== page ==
Chang said he spent more of his time in Sydney, Australia than he did in the Big Apple during the year he opened his only other Momofuku location outside of New York. With Toronto, it’s too early to know how much time he will be in Canada but he has a reputation for being a hands-on owner. As I discovered, Chang doesn’t have to be on-site for his restaurant to shine.

When I went to New York to see what all the fuss is about, I was impressed for reasons beyond the food.Má Pêche, the franchise’s restaurant in the Chambers Hotel in Manhattan, captures the spirit of a culture that’s post-recession, post-fine dining and eagerly communal, but has managed to elevate eating out to an activity akin to going to a fine art museum. We want top class, we don’t necessarily want to look like it in order to have the experience.

What The Black Hoof  — named Toronto’s top restaurant by Vacay.ca judges earlier this year — lacks in classy atmosphere, Daisho will possess thanks to the Shangri-la, the latest luxury accommodation to hit a downtown area that has seen the addition of Ritz-Carlton, Thompson and Trump properties in a short amount of time. What other restaurants in the city are missing in inventive cuisine, Momofuku’s brand will deliver.

There are Korean and Japanese influences, for sure, but the complexity of Chang’s cuisine redefines fusion. His chefs aren’t simply throwing stuff together and seeing what sticks — a characterization made by some early commenters of the New York operations —, they’re pushing the envelope the way great chefs from Grant Achatz to Michel Bras do. The steamed lobster bun at Má Pêche (or “mother peach”) is addictively good. The monkfish was so tender you could’ve mistaken it for poached lobster, while a bowl of curried carrots shocked with the deliciousness of its flavour. Desserts, including the famous White Chocolate that features salty popcorn and caramel, drive repeat business on their own.

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August 8, 2012

PEI’s Trailside Cafe and Nova Scotia’s Point of View Suites beckon

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Pat and Meghann Deighan have a good thing going with the Trailside Cafe. (Julia Pelish/Vacay.ca)


[This article first appeared in Vacay.ca]

MOUNT STEWART, PRINCE EDWARD ISLAND — Olympic moments happen across this country on a daily basis. The participants may not be going for gold medals like the competitors at the London 2012 Summer Games, but they are striving to achieve ultimate success. Although they do it in obscurity, the spirit with which these entrepreneurs pursue their goals is similar to the dedication elite athletes have for their disciplines.

I recently came across a couple of examples of Canadians in the travel and hospitality industry who are giving it their all as they chase their dreams. Pat and Meghann Deighan were married on December 30, 2011, about two weeks after they purchased the Trailside Inn and Café, a venue 30 minutes outside of Charlottetown that has been a reliable spot in Prince Edward Island for good music and good times. The Trailside was in need of rescue and the newlyweds have poured themselves into making it the coolest music venue in Canada east of Casa del Popolo in Montreal and the Dakota Tavern in Toronto.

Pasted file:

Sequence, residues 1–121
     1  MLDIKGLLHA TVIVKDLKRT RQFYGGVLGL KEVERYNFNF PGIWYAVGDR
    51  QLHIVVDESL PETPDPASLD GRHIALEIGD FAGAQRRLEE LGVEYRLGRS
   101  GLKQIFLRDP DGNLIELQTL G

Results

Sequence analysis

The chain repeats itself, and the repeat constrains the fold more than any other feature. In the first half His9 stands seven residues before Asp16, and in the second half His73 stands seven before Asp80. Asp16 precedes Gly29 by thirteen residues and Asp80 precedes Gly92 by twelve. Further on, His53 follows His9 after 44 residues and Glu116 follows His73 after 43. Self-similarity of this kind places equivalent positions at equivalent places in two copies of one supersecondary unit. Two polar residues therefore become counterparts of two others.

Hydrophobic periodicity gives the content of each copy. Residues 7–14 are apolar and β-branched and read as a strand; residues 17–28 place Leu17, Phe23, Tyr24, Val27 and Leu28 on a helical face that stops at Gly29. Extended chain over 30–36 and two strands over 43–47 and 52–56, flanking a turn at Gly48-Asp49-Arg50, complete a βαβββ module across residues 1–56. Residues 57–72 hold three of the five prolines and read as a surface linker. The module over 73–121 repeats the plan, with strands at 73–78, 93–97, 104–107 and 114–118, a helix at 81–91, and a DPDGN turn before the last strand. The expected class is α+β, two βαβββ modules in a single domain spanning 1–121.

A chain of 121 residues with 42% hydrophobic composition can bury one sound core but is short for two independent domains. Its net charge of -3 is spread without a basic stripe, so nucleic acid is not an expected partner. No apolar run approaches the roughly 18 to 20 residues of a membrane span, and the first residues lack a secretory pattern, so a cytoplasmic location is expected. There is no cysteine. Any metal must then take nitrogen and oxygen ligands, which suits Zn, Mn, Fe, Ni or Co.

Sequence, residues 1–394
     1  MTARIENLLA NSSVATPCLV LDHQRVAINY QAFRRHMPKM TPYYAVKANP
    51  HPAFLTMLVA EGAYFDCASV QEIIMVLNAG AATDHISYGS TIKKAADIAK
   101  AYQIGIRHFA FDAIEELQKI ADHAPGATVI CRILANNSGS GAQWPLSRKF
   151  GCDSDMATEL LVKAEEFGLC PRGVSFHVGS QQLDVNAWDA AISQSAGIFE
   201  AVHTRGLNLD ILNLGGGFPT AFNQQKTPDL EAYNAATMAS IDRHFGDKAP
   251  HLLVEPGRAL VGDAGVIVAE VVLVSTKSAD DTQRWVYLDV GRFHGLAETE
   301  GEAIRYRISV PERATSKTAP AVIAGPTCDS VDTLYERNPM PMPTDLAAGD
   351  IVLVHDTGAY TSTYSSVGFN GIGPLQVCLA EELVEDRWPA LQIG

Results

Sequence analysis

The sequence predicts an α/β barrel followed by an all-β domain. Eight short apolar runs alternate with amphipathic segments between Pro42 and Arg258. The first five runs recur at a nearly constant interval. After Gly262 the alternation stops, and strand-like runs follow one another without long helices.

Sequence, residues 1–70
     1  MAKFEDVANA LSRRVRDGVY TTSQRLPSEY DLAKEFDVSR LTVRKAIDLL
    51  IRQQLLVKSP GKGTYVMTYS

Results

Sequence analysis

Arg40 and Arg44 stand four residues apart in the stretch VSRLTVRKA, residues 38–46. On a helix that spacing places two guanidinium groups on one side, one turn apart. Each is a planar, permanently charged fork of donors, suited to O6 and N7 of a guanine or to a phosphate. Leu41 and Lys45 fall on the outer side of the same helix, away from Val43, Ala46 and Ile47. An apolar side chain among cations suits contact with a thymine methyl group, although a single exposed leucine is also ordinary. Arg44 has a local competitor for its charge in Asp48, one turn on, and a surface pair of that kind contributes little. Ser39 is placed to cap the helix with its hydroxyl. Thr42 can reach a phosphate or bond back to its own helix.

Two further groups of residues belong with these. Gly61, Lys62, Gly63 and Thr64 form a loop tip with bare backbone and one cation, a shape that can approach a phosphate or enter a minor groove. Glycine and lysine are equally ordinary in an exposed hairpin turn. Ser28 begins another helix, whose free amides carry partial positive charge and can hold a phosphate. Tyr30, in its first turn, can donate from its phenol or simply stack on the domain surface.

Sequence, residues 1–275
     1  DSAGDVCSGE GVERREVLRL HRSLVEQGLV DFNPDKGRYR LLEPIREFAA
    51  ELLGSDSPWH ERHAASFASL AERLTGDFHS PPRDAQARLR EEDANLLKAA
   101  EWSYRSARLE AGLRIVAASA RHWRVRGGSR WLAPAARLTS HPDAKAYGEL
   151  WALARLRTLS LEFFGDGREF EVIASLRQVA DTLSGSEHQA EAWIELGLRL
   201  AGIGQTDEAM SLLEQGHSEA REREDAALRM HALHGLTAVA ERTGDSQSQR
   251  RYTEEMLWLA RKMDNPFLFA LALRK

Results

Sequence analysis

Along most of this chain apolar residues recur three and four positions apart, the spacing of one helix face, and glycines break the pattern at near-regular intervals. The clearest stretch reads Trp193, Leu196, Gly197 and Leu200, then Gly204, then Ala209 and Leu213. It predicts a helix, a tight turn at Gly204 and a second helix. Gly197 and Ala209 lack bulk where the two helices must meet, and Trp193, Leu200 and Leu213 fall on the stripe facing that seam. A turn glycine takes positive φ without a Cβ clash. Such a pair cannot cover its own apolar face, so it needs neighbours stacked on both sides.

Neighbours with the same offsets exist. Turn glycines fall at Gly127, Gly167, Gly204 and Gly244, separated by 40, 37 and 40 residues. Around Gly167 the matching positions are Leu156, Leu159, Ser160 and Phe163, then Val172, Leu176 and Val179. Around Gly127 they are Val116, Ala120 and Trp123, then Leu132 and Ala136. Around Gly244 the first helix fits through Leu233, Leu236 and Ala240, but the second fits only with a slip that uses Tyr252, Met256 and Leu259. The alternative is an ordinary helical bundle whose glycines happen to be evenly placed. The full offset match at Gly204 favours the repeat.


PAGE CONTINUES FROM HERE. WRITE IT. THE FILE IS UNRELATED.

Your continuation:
Like the Dakota, the Trailside features clever decor, an intimate atmosphere that charms musicians, and a short menu that delivers big for diners. The Trailside Café only has four main dishes, one of which is a daily special from chef Chris Coupland and another is an order of the best fishcakes you’re likely to ever taste. They are loaded with salmon and haddock, and go for just $15. You’ll devour them on one of the café’s tables that Meghann Deighan has decorated in inventive ways. On one surface, she has lacquered decades-old receipts from the property’s previous incarnation as a community co-op store, on others are black-and-white images and old movie posters.

“We’re looking for low-cost solutions for improving the place and the property has an amazing history, so we figure why not use what we can that’s right here,” says Meghann Deighan while pointing out some of the old dusty bottles that are kept in the back of the store.

The Trailside is the kind of place where the headline performer can stand at a bar drinking a beer while taking in his own warm-up act. Such was the case last Wednesday night, when Matt Mays headlined on back-to-back nights while his friend Adam Baldwin opened up. Seeing a musician of the calibre of Mays — a Juno nominee whose latest album “Coyote” is due out on September 4 — in a setting that holds no more than 50 people is a rare treat.

It’s also good marketing for the Trailside, which is hopeful of attracting more people from Charlottetown and elsewhere in the Maritimes to its little spot on the side of the road in Mount Stewart, home to about 310 people. If reviews from customers during Mays’ show are an indication, the Deighans will do all right. Several attendees praised the café’s atmosphere and its menu.

“The Trailside always had a good music scene but it needed a little more upkeep and we wanted to focus on improving the food. I think we have. I think Chris has hit it out of the park,” Pat Deighan says of his chef.